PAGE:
(Reuters) - It started out as just a plastic prop from a party shop but the gold colored crown that rapper Notorious B.I.G wore on the last photo shoot before his death could fetch hundreds of thousands of dollars at an auction dedicated to hip-hop culture.
After highlighting sneakers and handbags in recent years, Sotheby’s in New York is branching out again for the September auction, which will feature some 120 lots representing hip-hop artifacts, jewelry, fashion and fine art.
It is the first auction staged by an international house anywhere devoted entirely to hip-hop, and will trace the impact of the musical genre from the late 1970s through to the mid-1990s, Sotheby’s said on Tuesday.
Notorious B.I.G.’s signed crown, worn in the 1997 “King of New York” photograph and offered on sale for the first time, could fetch $200,000 - $300,000 at the Sept. 15 auction.
The New York rapper, also known as Biggie Smalls, was shot dead in Los Angeles at the age of 24 three days after the photo shoot as part of a feud between east and west coast rappers that also took the life of Tupac Shakur, 23, in 1996. Both crimes are unsolved.
“I expect that the crown could sell for a lot more because it’s so recognizable,” Cassandra Hatton, the senior Sotheby’s specialist in the books and manuscripts department who put the auction together, told Reuters.
“Anybody who lived through the ‘90s knows Biggie’s crown. It’s been on T-shirts, it’s been on the covers of magazines, it’s so iconic,” she said.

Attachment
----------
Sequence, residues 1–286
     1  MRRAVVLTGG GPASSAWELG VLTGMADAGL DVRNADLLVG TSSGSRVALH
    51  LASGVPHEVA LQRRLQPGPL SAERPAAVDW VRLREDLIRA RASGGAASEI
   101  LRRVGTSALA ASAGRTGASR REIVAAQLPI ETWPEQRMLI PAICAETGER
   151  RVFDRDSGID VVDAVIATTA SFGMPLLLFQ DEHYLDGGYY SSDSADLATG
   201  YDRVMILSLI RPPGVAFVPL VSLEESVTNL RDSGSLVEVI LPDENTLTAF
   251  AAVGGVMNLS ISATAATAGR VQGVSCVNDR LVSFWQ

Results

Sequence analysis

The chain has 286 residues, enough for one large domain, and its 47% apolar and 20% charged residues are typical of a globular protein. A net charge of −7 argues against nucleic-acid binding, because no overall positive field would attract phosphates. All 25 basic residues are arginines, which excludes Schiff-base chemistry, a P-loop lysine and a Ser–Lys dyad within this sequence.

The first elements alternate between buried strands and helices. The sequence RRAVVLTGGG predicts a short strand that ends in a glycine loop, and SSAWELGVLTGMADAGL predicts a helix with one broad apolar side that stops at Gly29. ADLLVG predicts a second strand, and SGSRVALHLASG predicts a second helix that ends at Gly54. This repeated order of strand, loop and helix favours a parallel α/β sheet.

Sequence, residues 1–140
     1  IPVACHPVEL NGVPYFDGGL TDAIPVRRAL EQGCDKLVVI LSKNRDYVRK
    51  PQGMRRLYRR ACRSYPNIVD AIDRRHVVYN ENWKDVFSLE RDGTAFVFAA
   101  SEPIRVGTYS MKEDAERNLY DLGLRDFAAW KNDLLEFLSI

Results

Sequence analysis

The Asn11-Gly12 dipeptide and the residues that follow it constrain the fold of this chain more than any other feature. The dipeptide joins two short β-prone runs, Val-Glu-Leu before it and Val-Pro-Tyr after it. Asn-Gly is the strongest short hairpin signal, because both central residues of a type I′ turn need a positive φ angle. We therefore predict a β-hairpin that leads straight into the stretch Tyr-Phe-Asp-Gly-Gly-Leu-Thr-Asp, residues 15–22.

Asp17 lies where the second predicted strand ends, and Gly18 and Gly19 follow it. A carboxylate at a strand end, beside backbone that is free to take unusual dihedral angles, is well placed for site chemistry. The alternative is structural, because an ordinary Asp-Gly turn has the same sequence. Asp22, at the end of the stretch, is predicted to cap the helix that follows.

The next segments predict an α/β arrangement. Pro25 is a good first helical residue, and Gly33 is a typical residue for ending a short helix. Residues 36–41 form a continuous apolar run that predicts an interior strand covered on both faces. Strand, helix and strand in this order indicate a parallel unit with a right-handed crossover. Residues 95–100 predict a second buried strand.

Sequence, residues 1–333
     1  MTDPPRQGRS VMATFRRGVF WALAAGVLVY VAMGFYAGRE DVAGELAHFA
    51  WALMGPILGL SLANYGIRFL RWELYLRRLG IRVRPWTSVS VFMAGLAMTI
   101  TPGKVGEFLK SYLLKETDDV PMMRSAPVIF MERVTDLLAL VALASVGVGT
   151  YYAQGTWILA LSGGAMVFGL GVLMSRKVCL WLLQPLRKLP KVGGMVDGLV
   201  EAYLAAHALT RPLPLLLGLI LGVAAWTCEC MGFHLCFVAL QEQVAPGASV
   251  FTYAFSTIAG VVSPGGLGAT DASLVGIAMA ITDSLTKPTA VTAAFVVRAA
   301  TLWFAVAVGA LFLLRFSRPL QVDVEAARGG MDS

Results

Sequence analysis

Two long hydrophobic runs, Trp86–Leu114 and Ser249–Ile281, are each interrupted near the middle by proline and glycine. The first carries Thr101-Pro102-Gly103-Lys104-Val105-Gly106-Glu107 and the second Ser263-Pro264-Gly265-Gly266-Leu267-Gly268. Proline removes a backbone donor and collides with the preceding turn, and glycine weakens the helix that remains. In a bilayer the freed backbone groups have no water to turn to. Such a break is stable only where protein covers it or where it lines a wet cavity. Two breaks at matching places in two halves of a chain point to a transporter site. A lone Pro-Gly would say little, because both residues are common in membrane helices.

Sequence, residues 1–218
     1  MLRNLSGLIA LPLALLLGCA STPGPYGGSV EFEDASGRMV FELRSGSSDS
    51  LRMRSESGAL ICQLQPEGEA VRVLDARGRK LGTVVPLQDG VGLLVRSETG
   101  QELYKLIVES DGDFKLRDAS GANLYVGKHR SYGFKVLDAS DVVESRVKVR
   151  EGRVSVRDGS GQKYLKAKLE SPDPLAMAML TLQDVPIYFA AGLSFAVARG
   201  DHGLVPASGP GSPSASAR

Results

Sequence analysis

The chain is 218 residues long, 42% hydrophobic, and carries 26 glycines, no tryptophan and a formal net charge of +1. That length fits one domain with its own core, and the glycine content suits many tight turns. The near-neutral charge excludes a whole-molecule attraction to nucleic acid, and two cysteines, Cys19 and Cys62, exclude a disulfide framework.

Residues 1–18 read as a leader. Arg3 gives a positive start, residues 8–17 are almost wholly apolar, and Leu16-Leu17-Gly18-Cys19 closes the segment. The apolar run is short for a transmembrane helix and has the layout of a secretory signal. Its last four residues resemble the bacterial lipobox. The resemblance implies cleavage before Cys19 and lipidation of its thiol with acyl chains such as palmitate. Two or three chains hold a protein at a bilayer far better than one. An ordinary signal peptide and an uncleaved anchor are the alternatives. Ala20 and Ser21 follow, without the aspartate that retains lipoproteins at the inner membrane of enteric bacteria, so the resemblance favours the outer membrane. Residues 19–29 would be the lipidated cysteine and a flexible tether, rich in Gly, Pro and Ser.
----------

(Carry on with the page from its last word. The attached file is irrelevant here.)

Hatton said the plastic crown, which comes direct from photographer Barron Claiborne, is signed by both men and comes with a large print of the K.O.N.Y. photograph.
Another major item is a series of 22 love letters written by a 16-year-old Shakur to his high school sweetheart Kathy Loy between 1987-1988. They are expected to fetch $60,000 -$80,000.
Hatton said the decision by Sotheby’s to devote an entire auction to hip-hop reflects its impact over 40 years on fashion, design, art and pop culture.
It follows the 270-year-old auction house’s recent forays into collectible sneakers, space memorabilia, pop music lyrics and designer handbags.
“This isn’t that jarring of a departure from what Sotheby’s normally does,” Hatton said.
Reporting by Jill Serjeant; Editing by Tom Brown
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